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  • The online Community for people with spinal cord injury, their relatives and friends

  • The online Community for people with spinal cord injury, their relatives and friends

  • The online Community for people with spinal cord injury, their relatives and friends

  • The online Community for people with spinal cord injury, their relatives and friends

Changes of sexual function in women

Lubrication (vaginal lubrication)

Lubrication is a lubricating fluid that is secreted by glands during sexual arousal. Lubrication occurs during the peak period of sexual arousal and facilitates penetration.

Depending on the level of paralysis, women with spinal cord injury (SCI) might show fewer or no physical signs of sexual arousal. However, this does not mean that they are not aroused.

Psychogenic lubrication

Attractiveness and charisma of the partner are effective psychological stimuli that can evoke lubrication. Odours, visual and acoustic stimuli, as well as one’s own imagination, expectations and sexual desires might also cause psychogenic lubrication. Psychogenic lubrication can basically occur in paraplegic women with a spinal cord injury below the Th11 level – in the case of a complete paralysis above Th11, lubrication is rather unlikely.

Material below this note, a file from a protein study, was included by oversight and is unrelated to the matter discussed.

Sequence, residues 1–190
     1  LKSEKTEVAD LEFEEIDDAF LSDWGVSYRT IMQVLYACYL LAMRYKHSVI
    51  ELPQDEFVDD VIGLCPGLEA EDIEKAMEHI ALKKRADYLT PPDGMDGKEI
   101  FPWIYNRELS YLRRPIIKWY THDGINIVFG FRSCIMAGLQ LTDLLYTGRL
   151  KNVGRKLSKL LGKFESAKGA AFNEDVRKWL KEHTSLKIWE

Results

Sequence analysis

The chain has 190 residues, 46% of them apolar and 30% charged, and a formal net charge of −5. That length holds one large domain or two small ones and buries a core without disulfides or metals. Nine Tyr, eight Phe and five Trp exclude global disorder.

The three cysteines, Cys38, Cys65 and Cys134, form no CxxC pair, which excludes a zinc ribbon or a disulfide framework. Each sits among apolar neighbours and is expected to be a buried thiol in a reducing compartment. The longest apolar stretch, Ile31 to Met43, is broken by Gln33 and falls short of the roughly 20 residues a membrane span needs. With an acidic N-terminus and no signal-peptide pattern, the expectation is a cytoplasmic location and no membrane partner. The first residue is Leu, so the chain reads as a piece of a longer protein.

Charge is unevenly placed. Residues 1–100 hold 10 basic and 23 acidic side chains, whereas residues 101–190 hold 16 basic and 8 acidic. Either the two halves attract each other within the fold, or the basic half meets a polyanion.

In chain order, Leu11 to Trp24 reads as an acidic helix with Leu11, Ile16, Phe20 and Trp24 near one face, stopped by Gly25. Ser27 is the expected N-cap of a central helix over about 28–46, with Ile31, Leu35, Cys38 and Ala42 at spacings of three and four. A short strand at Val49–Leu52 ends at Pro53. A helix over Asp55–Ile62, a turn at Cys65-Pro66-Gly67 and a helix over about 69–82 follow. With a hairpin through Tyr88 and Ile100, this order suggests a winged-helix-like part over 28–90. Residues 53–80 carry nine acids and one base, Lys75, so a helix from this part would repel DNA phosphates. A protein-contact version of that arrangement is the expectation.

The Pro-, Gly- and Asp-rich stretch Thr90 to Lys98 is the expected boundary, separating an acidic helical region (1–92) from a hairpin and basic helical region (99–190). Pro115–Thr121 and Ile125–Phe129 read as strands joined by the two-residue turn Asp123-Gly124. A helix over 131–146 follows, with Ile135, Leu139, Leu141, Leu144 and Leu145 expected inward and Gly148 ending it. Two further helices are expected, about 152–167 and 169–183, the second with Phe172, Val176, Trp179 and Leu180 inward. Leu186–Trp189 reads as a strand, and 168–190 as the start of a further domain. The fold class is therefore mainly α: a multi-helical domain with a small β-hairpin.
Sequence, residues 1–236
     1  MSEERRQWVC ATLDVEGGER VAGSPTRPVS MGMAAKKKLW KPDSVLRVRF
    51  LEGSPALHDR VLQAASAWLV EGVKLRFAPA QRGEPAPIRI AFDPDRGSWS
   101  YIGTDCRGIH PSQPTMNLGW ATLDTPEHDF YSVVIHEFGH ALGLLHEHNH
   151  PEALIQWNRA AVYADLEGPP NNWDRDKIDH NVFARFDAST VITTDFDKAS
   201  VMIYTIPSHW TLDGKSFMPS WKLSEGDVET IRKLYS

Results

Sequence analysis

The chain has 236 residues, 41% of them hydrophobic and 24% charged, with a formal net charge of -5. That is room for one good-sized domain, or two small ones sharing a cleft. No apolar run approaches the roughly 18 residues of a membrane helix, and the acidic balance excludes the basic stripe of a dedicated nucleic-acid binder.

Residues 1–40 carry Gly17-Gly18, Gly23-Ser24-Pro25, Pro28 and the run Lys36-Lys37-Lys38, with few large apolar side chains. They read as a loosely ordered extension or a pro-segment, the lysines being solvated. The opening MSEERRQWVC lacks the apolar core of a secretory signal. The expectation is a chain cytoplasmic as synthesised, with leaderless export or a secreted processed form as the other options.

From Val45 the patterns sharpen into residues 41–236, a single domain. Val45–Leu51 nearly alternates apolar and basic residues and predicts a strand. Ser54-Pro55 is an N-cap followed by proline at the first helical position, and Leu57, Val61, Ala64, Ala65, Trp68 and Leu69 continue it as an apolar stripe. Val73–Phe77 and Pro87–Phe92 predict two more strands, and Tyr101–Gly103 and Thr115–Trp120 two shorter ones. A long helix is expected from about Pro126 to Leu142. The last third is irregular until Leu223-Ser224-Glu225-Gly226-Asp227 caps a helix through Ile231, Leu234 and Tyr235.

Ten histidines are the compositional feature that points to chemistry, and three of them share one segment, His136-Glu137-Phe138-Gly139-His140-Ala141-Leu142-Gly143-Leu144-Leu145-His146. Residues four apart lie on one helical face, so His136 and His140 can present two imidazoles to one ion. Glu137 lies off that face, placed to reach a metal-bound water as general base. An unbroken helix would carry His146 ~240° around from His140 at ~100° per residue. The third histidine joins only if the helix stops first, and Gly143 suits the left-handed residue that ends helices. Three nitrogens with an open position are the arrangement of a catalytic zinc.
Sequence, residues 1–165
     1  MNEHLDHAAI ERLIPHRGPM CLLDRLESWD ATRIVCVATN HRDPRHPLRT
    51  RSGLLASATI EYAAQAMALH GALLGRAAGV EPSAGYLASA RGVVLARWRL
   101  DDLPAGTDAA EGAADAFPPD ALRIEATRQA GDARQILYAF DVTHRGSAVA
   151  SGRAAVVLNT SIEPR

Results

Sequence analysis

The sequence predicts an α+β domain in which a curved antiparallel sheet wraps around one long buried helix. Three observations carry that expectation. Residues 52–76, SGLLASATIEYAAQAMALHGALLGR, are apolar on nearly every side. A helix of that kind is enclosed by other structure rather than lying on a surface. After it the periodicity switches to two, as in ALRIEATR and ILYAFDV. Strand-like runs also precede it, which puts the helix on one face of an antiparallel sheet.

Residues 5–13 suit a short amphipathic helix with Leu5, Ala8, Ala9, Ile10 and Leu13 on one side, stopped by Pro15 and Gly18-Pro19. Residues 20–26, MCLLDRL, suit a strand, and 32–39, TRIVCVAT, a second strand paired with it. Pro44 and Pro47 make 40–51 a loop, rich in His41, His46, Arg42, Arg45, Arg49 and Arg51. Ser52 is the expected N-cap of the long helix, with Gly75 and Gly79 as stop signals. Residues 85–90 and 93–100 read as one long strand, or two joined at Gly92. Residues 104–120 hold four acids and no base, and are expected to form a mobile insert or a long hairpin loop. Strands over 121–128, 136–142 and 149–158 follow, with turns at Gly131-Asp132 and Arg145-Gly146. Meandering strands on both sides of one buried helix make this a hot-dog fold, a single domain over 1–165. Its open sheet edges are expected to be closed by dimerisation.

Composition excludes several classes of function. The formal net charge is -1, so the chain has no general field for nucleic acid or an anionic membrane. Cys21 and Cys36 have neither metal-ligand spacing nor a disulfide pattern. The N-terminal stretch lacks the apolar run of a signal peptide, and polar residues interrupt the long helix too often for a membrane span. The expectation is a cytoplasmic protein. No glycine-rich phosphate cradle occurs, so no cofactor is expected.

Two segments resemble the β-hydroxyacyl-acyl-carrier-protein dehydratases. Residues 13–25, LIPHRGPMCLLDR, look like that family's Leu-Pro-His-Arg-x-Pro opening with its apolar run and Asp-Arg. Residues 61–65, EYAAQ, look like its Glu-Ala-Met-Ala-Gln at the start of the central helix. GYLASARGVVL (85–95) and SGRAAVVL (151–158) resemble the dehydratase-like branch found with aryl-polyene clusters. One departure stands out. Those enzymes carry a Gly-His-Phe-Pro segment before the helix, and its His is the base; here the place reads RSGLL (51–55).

Reflexogenic lubrication

Women with complete paralysis above the Th11 level can experience vaginal lubrication via direct stimulation. Women with complete paralysis at a lower level have no reflexogenic lubrication.

Assistive devices

If the vagina is too dry, the use of lubricants can facilitate penetration of the penis or sex aids. Oils, Vaseline, water or silicone-based lubricants can be applied. If condoms are used, avoid oil-based lubricants, as these can cause microscopic cracks in latex condoms. Oils and Vaseline are therefore not suitable for safe sex. Lubricants are available in pharmacies, drugstores, supermarkets and sex shops.

Orgasm

Depending on the level of paralysis, women with SCI may or may not have orgasms. Women with SCI no longer sense the physical stimulation of the genitals and the pelvic area as intensely as they did before the SCI. The orgasm is sensed differently, e.g. as a comfortable and warm feeling in the pelvic area, not at all or even as unpleasant. The unpleasant feeling can be caused by spasticity occurring in the legs or the abdominal area, or by an autonomic dysregulation. Furthermore, it takes longer to achieve orgasms than before the SCI.